What does fantasy have to offer us? Lost technology is one of the greatest lynchpins: people operating machinery and other devices that they simply do not have the wherewithal to produce in their own context: relics of ages long gone. Hunt offers that here with the oil powered car of “Diesela-Khan”, not to mention the pure excellence that abides in the steammen and their feral siltempter enemies.

You also have people who “aren’t what they seem to be” and who, under Hunt’s tutelage, manage to be both exciting and surprising despite their obvious mystery: early in the book a blind man with awesome power manifests his awesome powers. Soon thereafter a blind man with uncanny sonar ability joins the u-boat’s crew. Coincidence? Perhaps. Perhaps not!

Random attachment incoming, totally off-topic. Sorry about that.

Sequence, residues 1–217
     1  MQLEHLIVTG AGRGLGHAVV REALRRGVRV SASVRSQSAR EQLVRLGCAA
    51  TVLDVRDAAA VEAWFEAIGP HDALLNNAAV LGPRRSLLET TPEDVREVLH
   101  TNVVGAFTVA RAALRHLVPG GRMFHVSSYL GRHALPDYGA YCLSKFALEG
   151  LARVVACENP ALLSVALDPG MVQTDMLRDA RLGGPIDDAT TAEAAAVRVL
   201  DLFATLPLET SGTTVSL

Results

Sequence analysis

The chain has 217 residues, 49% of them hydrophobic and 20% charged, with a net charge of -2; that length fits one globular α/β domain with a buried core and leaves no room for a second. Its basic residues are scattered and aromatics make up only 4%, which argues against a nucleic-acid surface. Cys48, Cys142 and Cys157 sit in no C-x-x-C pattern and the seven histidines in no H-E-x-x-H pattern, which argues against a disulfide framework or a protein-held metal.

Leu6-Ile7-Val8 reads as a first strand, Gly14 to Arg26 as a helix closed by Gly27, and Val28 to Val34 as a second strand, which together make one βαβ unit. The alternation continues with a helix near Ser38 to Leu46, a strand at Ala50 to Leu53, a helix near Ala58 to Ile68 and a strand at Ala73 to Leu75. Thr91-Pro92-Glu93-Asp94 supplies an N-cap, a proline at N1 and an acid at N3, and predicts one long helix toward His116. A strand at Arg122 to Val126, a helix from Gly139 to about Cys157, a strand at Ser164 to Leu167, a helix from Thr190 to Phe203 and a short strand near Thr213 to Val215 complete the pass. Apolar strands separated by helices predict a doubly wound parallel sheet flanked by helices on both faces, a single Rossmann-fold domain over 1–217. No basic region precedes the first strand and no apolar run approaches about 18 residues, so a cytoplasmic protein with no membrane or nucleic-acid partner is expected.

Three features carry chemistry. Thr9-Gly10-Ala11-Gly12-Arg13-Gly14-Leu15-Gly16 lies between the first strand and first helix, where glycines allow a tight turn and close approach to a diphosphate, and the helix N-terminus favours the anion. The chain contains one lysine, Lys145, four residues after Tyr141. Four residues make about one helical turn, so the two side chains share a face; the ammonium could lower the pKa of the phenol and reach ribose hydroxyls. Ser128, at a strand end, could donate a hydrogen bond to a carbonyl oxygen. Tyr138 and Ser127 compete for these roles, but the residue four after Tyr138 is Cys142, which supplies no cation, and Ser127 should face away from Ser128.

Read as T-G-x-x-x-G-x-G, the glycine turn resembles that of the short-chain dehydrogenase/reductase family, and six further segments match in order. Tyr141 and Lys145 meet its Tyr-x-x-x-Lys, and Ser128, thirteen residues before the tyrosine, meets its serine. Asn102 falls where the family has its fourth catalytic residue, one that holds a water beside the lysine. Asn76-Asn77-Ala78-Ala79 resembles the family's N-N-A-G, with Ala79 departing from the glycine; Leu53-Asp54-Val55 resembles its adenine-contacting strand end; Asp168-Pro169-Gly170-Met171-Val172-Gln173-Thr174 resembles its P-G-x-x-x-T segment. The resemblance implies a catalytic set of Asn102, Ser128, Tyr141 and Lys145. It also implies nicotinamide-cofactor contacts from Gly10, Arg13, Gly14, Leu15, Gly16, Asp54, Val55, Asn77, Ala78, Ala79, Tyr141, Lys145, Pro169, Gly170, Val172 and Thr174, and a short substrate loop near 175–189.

I should also mention that not only are we treated to steam powered robots, but steam powered robots who have made mortal enemies of thunder lizards. Yes, dinosaurs versus robots. I realise I sound like I’m being flippant here but all of this material works very well together and achieves precisely what it should do: it captured my imagination in a way that forced me to run to the final destination and find out precisely what was going on.

Hunt takes many old ideas, blends them together and creates something that is at once both compelling and familiar. I think that the reason a lot of people stick with genre writing of any sort is because they’re given something that is reassuring but hopefully also invigorating, something that reminds them why they follow whatever it is they follow in the first place (for crime, for instance see Ian Rankin’s Rebus books). Even now, reading through Terry Pratchett’s books again, I’m frequently floored by paragraphs of insight or turns of phrase that resonate deep in my core, and have for the twelve years that I’ve been reading his work.